Evidence and cost curve bends

Yesterday I posed on how total medical spending has been coming in consistently under 2010 (pre and post-ACA signing) CBO projections. That is a big deal as we have a long run healthcare cost problem on the federal fiscal level.

What is causing the shift?

Some of it is the economy. Some of it is higher deductibles leading to less care. Some of it is the Flying Spaghetti Monster and some of it may or may not be the ACA. Part of the ACA was taking any idea that a policy wonk had to reduce costs and throw them against the wall to see what worked. For that process to work, means evaluating the experiments, embracing the good things, learning from the mild failures and abandoning the colossal Buckner-esque screw-ups.

Some evidence is in on some of the ideas thrown against the wall.

and

From the referenced NEJM article:

During the first 2 years, initiative practices received a median of $115,000 per clinician in care-management fees. The practices reported improvements in approaches to the delivery of primary care in areas such as management of the care of high-risk patients and enhanced access to care. Changes in average monthly Medicare expenditures per beneficiary did not differ significantly between initiative and comparison practices when care-management fees were not taken into account (–$11; 95% confidence interval [CI], –$23 to $1; P=0.07; negative values indicate less growth in spending at initiative practices) or when these fees were taken into account ($7; 95% CI, –$5 to $19; P=0.27). The only significant differences in other measures were a 3% reduction in primary care visits for initiative practices relative to comparison practices (P<0.001) and changes in two of the six domains of patient experience — discussion of decisions regarding medication with patients and the provision of support for patients taking care of their own health — both of which showed a small improvement in initiative practices relative to comparison practices (P=0.006 and P<0.001, respectively).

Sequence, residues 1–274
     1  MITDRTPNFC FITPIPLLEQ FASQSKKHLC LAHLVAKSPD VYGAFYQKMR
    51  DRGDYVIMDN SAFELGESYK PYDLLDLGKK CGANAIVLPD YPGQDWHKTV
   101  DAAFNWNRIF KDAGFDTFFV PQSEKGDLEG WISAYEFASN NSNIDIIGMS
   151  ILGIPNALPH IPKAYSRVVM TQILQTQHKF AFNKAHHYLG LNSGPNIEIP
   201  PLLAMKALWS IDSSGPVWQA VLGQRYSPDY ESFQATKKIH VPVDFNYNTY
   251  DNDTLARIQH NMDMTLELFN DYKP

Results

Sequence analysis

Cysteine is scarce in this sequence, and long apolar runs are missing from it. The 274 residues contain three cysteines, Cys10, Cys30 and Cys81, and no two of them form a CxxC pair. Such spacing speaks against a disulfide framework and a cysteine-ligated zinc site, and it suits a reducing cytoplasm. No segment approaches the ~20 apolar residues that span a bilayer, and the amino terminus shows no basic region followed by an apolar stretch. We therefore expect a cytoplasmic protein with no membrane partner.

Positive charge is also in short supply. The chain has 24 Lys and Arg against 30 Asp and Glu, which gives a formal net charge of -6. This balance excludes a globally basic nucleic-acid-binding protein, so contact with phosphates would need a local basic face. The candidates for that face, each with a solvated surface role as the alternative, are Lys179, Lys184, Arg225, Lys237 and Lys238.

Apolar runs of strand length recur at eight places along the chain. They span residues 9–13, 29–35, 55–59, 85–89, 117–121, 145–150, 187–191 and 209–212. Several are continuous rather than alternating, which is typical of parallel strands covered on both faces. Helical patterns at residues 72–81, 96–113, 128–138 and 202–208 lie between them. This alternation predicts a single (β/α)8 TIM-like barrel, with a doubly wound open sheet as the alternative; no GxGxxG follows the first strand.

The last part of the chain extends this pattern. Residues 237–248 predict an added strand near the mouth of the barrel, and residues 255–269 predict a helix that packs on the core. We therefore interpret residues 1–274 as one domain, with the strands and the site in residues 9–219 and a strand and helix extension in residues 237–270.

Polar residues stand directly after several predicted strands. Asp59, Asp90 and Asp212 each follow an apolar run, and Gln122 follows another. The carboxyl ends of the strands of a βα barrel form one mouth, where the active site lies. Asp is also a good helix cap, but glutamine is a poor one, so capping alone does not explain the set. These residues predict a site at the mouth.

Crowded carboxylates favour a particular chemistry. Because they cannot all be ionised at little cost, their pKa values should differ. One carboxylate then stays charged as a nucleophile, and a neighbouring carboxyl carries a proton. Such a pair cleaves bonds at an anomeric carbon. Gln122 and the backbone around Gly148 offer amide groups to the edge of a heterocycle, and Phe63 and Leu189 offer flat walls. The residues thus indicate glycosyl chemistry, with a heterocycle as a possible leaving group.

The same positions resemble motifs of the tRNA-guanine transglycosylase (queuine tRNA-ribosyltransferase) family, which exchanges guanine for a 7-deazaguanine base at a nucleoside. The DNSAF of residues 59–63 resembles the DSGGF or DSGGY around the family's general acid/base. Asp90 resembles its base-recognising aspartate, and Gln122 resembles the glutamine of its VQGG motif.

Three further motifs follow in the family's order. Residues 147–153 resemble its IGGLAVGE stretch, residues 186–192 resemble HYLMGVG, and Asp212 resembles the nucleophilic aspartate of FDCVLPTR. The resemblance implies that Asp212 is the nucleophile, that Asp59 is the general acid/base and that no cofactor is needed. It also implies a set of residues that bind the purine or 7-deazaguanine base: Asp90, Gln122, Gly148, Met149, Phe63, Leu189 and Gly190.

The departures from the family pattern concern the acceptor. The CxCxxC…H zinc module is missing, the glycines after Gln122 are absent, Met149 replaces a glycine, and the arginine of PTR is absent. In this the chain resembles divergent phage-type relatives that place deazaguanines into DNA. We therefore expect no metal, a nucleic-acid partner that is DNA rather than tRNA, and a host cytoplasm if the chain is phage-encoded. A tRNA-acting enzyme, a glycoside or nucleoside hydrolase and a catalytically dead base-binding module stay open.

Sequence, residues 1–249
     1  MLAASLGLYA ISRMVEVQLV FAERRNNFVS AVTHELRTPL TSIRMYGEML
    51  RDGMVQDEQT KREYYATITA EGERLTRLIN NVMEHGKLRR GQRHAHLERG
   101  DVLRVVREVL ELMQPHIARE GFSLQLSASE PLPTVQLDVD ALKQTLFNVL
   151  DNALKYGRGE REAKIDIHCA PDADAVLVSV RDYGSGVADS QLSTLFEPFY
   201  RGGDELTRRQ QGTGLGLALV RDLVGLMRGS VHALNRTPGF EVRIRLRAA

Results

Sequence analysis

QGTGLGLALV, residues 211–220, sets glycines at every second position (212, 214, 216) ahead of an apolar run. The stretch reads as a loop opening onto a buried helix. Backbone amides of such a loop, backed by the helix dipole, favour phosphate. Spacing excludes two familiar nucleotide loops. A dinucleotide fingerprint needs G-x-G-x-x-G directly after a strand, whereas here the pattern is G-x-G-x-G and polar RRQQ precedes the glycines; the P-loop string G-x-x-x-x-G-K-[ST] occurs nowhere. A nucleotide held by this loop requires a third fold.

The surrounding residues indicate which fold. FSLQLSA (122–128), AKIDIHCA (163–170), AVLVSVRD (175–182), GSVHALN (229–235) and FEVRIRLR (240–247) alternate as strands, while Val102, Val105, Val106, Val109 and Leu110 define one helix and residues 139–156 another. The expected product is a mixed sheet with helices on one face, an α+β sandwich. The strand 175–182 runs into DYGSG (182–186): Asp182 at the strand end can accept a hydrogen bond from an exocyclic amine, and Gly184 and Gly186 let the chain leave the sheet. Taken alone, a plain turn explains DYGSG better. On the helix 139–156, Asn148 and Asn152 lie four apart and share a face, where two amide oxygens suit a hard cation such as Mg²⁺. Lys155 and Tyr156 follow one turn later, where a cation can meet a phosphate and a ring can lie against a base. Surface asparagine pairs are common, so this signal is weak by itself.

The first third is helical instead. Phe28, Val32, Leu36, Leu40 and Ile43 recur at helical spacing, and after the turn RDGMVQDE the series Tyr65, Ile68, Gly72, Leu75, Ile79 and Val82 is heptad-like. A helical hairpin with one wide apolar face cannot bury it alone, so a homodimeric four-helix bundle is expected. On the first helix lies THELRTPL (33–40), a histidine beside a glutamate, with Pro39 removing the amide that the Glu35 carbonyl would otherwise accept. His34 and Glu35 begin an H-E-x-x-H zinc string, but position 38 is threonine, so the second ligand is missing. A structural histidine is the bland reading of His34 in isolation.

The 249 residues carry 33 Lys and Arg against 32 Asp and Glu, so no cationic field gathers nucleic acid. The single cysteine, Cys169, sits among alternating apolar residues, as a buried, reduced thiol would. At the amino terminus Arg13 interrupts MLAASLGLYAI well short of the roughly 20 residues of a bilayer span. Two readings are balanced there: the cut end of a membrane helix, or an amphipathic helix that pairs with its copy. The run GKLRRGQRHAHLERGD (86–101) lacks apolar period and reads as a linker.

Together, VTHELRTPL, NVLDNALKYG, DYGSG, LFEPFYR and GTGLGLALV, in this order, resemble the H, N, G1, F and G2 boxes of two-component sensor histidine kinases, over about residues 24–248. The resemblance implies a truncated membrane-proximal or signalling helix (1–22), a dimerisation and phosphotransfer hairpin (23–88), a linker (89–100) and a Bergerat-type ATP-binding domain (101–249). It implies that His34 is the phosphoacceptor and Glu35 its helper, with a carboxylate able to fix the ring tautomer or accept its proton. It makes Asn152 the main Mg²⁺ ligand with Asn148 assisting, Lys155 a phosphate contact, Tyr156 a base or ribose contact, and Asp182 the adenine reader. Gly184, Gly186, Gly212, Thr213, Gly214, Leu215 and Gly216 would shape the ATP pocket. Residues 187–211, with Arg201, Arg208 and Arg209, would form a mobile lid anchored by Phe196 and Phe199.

So these interventions are doing no harm. But they are doing no good either.

Back to the drawing board to figure out if there are different ways of delivering good quality care at lower prices.






10 replies
  1. 1
    gogol's wife says:

    I don’t understand any of this, but I love your posts. They really make BJ stand out from the crowd of blogs.

  2. 2
    Mary G says:

    Could a part of it be the ACA provisions that say insurance companies can’t charge more than a certain percentage for profit? I’ve been shocked because the premium for my Medicare supplemental policy didn’t go up for the second year in a row, especially since I turned 60, and those milestone birthdays used to be the trigger for a big old increase. My usage hasn’t changed much.

  3. 3
    Kylroy says:

    @Mary G: Medicare supplements for pre-65 insureds are isually handled differently. Since anyone in Medicare pre-65 (well, 64 and 11 months) has significant health issues, rates aren’t usually age-adjusted until 65 and above since age doesn’t correlate overmuch with cost of care in this (and mearly *only* this) population.

  4. 4
    MomSense says:

    I still think that patients need better ways of accessing information about options for treatment than relying on their providers (who may have an interest in “selling” you services) and webmd.

  5. 5
    The Ancient Randonneur says:

    @MomSense: Maybe a ratings service like Morningstar is for investmors?